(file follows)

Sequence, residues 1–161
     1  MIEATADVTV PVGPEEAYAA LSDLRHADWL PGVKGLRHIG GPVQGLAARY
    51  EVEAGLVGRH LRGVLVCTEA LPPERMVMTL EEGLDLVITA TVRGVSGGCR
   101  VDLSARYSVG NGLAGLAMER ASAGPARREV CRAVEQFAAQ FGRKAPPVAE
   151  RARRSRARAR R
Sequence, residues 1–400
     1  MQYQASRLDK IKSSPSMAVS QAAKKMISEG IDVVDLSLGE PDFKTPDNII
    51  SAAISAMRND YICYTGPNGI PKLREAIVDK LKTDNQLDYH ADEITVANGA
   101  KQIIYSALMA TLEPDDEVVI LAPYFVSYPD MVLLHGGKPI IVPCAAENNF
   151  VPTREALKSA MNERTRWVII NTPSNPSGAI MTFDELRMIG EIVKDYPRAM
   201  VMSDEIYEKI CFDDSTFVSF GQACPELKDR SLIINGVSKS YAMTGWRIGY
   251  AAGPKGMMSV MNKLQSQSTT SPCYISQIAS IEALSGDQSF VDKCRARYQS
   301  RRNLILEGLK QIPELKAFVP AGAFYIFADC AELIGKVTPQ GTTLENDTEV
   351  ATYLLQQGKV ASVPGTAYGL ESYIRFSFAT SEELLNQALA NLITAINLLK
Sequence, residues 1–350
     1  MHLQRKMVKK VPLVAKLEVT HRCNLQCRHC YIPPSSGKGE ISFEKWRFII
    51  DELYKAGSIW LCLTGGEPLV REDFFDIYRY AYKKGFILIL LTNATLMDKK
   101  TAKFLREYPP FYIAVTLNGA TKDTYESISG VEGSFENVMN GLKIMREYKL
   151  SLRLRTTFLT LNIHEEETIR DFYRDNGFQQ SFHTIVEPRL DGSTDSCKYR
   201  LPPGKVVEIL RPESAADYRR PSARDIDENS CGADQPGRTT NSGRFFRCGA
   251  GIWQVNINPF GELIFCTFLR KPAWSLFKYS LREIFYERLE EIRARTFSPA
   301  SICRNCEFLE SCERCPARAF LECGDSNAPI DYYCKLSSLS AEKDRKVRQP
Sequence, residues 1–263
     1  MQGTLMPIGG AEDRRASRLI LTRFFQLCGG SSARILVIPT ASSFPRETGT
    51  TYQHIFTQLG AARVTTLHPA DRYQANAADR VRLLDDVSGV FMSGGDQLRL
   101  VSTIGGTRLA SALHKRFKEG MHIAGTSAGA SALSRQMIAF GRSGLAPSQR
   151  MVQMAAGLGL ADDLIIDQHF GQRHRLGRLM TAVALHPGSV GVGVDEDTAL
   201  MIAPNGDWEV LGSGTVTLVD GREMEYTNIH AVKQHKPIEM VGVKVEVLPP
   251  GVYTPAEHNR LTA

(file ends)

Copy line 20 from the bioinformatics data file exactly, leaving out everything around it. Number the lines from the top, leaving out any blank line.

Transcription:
   201  LPPGKVVEIL RPESAADYRR PSARDIDENS CGADQPGRTT NSGRFFRCGA